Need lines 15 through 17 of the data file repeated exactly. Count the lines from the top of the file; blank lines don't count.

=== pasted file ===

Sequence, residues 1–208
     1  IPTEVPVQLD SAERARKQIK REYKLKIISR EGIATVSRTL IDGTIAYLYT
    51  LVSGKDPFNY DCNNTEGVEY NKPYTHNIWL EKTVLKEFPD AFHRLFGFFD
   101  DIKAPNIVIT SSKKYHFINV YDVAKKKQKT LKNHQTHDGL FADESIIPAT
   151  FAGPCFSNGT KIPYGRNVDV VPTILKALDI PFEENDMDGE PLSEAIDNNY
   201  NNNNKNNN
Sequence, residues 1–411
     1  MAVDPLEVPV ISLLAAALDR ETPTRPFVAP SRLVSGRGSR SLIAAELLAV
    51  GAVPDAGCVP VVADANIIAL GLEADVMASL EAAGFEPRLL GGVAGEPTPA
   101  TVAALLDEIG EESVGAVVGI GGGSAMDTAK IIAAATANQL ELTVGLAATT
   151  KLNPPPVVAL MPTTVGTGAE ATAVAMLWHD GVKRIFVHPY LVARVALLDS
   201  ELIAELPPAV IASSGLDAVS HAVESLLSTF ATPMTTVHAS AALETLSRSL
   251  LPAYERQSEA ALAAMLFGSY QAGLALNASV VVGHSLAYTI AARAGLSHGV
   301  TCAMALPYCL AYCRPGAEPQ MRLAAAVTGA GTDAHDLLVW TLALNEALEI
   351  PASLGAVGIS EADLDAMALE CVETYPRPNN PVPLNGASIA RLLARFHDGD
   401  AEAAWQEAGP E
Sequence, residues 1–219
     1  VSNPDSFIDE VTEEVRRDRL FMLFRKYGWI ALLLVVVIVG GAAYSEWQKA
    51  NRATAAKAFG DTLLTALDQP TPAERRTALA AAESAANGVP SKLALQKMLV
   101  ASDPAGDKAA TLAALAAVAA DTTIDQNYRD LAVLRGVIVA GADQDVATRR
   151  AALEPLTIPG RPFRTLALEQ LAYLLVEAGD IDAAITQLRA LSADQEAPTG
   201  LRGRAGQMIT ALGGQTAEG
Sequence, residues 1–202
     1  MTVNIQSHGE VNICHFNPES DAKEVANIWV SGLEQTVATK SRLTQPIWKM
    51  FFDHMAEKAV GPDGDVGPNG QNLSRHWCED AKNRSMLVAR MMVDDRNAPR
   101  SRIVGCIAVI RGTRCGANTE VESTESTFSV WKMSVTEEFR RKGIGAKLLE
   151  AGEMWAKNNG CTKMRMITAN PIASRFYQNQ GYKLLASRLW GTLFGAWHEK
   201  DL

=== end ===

   351  PASLGAVGIS EADLDAMALE CVETYPRPNN PVPLNGASIA RLLARFHDGD
   401  AEAAWQEAGP E
Sequence, residues 1–219